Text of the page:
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The FA’s director of women’s football, Baroness Sue Campbell, believes meaningful change for the various communities at the elite end of the women’s game could take years, admitting the current talent identification and recruitment system excludes many people.

The Premier League has given the Football Association £5.25m over three years to fund a new network of Emerging Talent Centers (ETCs), which the FA says will provide high-quality coaching to 4,200 girls aged eight to 16. by the end of the 2023/24 season, compared to the current 1,722.

The Football Association launched the discover my talent reference scheme for female players in their teens almost a year ago. speaking to Sky sports news on discover my talent A few days before the start of the tournament, Baroness Sue Campbell, the FA’s director of women’s football, said that if they can make the scheme inclusive, then the process of speeding up the arrival of players from various ethnic backgrounds may take “some years.” “.

Expanding on her desire to see real change in terms of ethnic diversity at the elite level, Baroness Campbell added: “We want it to be representative of the society we live in and so, yes, we want it to feel and look different”.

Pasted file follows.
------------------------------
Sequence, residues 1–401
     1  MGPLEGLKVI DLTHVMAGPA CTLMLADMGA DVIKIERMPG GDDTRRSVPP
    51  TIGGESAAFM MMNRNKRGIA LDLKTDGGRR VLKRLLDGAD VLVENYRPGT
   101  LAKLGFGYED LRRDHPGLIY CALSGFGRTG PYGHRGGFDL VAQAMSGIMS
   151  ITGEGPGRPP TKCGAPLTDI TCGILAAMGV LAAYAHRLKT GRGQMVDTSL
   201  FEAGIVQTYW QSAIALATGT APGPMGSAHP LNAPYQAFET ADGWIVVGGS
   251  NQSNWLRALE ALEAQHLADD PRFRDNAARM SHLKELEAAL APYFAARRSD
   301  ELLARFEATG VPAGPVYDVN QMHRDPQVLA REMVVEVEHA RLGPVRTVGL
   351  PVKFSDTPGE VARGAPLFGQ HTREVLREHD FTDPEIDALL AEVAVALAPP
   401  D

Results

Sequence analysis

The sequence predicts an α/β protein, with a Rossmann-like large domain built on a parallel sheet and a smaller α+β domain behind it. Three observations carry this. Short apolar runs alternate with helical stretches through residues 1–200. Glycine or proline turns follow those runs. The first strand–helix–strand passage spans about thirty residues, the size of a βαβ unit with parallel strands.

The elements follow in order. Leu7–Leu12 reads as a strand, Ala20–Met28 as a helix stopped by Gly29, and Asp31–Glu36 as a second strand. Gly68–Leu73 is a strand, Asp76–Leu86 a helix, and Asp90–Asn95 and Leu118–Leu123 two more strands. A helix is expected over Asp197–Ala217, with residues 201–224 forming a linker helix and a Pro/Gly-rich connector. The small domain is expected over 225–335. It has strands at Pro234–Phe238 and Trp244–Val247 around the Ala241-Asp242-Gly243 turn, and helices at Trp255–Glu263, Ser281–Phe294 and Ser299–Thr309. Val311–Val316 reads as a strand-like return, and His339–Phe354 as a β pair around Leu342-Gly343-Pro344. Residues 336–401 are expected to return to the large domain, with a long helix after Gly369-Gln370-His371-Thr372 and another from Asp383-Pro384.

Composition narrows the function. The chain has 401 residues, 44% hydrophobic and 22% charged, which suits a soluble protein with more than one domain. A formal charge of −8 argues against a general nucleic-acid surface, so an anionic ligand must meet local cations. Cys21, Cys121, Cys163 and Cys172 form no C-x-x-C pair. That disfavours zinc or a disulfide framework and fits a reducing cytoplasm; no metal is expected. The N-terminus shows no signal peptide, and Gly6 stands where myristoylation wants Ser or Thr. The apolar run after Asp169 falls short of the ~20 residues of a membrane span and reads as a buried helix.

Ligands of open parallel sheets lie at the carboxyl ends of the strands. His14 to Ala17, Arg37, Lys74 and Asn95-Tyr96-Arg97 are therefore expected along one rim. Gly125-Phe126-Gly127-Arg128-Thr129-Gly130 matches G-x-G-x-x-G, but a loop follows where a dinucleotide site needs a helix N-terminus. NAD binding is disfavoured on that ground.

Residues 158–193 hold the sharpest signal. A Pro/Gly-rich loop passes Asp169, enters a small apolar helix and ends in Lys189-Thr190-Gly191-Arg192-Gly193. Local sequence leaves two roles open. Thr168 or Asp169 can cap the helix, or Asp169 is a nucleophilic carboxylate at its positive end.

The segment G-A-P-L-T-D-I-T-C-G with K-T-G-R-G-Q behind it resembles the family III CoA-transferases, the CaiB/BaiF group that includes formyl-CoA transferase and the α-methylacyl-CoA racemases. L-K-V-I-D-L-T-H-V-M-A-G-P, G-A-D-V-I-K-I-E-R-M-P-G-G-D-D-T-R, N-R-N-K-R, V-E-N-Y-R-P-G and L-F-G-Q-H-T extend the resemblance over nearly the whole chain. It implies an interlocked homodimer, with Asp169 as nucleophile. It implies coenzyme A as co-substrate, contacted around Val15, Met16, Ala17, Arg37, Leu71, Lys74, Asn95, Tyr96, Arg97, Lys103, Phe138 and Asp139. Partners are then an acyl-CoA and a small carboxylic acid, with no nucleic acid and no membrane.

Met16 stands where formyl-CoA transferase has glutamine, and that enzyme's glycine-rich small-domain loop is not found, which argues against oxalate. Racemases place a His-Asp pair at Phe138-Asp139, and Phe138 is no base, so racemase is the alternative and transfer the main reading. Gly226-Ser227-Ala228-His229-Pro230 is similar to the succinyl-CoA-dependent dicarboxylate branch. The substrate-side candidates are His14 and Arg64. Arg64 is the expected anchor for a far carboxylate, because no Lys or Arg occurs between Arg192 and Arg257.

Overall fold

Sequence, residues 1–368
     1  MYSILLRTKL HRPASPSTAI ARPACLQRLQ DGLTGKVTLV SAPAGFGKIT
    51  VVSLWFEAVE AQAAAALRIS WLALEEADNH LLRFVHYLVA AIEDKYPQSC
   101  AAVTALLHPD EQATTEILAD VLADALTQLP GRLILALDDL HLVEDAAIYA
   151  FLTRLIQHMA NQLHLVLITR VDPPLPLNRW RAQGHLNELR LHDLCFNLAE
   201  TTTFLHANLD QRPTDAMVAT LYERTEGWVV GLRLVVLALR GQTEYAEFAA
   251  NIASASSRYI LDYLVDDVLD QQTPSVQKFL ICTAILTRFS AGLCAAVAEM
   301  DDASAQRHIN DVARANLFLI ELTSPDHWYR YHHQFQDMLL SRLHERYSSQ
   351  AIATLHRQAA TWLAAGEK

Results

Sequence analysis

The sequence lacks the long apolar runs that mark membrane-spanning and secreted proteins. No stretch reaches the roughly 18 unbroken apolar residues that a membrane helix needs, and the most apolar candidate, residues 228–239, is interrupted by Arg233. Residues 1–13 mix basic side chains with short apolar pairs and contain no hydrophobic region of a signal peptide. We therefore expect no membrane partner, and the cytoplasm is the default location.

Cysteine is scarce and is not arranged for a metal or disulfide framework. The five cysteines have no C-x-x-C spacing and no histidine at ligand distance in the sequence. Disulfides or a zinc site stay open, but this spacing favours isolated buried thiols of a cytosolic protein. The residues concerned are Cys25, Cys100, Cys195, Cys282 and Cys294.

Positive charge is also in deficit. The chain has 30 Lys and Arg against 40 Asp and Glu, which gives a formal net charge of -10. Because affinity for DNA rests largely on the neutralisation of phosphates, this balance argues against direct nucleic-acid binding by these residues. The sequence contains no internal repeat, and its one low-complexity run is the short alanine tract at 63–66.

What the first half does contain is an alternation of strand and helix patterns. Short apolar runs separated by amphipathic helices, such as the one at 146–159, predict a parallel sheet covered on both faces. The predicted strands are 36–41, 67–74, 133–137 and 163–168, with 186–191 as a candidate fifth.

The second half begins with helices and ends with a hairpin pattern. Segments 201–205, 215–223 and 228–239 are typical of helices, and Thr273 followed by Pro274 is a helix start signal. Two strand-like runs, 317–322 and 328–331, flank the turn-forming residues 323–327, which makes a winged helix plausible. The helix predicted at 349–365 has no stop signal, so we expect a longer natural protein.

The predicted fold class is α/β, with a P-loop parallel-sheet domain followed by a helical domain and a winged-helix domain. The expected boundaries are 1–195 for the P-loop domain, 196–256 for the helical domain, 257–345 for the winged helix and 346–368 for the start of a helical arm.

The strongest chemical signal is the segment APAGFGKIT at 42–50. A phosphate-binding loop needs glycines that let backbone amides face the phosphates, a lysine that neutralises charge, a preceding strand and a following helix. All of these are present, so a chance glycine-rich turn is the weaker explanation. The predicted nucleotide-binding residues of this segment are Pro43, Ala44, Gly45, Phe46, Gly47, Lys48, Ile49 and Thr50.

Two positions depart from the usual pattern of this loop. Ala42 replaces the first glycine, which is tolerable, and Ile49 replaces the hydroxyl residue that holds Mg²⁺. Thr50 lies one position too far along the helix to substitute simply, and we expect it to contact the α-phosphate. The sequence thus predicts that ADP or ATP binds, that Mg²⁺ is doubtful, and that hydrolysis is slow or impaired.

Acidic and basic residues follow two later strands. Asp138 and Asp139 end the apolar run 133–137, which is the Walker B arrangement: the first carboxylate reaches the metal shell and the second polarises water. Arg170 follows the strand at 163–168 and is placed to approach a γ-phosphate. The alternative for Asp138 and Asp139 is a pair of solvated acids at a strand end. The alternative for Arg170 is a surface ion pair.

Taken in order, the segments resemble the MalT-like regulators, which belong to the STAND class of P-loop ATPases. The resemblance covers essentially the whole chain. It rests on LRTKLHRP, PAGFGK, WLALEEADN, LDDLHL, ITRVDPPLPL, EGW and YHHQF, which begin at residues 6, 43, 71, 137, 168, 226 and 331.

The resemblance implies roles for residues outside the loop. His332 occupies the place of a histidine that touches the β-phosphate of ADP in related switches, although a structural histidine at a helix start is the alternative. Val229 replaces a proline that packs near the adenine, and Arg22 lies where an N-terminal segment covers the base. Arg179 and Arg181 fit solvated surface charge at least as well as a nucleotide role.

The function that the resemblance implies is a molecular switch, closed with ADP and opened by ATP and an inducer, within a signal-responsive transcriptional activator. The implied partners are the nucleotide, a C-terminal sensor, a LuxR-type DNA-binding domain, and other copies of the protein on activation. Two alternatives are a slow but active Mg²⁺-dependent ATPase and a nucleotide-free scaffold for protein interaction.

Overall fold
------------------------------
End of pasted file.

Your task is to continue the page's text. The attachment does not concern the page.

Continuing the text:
“And that adage has been used a million times. If you can’t see it, you can’t be it. We realize that.”

“And it’s not just the players, we’re doing a lot to diversify our coaching workforce, we’re doing a lot to diversify our refereeing workforce because again, you know, it’s helping people all over England recognize that this is a game for everyone.” It’s football for everyone. It is not football for those who can afford it or for those who can afford it.”

sky sports recognized and started taking action to address the lack of diversity in women’s football in 2020 as part of its £30m commitment to tackle systemic racism and make a difference in communities across the UK.

Sky Sports worked with dozens of current and former players from various ethnic backgrounds, trying to give them a platform to share their stories to try and capture the imagination and inspire the next generation of footballers.

The talent has been identified and pointed directly to the Football Association and clubs as part of Sky Sports’ unprecedented commitment to British South Asians in football, which has also seen us dedicate a section of our website to creating awareness of South Asians in the game, and create a dedicated rolling blog.

Several elite and potential elite players and their families have also been supported with mentorship and access to off-field development opportunities.

Roop Kaur Jira Rai
Roop Kaur met Kira Rai from Derby County at the Seeing is Believing event, devised by Sky Sports and Sporting Equals for the centenary Indian Gymkhana sports club (credit: Dev Trehan)

Earlier this year, Sky Sports also partnered with the country’s largest sports racing equality charity, Sporting Equals, which has enabled us to support participation across the country, including creating the “Seeing is Believing” event. for the centenary Gymkhana sports club in West London.

British South Asians in football

For more stories, features and videos visit our innovative South Asians in Football page on skysports.com and the South Asians in the Game blog and keep an eye on Sky Sports News. Y our Sky Sports digital platforms.